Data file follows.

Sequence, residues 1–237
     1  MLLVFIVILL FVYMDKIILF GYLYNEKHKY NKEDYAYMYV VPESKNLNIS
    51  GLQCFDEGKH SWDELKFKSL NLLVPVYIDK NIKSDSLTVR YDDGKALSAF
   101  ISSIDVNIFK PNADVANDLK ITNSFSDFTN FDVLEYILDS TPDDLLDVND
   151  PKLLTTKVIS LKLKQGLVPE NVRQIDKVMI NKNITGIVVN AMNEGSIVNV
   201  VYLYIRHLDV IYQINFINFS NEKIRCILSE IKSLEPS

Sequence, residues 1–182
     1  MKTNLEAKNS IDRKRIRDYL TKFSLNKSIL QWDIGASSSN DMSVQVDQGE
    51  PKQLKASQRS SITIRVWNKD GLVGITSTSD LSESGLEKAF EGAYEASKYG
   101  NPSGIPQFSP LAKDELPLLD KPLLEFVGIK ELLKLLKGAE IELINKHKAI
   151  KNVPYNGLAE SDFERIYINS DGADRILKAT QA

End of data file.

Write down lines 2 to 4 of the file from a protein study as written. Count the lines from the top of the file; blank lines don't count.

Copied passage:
     1  MLLVFIVILL FVYMDKIILF GYLYNEKHKY NKEDYAYMYV VPESKNLNIS
    51  GLQCFDEGKH SWDELKFKSL NLLVPVYIDK NIKSDSLTVR YDDGKALSAF
   101  ISSIDVNIFK PNADVANDLK ITNSFSDFTN FDVLEYILDS TPDDLLDVND